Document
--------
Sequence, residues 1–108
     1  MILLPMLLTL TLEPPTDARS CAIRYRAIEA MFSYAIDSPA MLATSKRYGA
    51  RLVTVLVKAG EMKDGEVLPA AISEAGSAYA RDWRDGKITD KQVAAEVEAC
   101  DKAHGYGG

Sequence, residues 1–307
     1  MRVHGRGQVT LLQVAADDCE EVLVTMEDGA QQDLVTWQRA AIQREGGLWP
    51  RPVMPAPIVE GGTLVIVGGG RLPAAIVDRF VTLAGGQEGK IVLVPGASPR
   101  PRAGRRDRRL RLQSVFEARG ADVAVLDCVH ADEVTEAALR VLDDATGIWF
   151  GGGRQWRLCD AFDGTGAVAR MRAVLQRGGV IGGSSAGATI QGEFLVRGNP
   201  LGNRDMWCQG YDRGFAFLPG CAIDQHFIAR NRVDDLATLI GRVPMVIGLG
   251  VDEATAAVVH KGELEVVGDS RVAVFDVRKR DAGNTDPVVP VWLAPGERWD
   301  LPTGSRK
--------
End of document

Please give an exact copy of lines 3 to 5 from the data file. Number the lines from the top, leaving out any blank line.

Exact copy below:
    51  RLVTVLVKAG EMKDGEVLPA AISEAGSAYA RDWRDGKITD KQVAAEVEAC
   101  DKAHGYGG

Sequence, residues 1–307